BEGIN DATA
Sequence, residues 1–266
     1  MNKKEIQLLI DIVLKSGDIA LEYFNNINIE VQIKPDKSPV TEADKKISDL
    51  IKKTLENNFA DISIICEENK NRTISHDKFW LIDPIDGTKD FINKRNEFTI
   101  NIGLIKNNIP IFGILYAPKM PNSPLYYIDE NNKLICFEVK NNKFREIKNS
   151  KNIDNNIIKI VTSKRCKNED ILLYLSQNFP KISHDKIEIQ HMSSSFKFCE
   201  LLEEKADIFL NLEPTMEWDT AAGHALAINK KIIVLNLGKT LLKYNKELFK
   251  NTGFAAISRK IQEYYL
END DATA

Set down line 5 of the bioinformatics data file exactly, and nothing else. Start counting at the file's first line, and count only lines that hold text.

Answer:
   151  KNIDNNIIKI VTSKRCKNED ILLYLSQNFP KISHDKIEIQ HMSSSFKFCE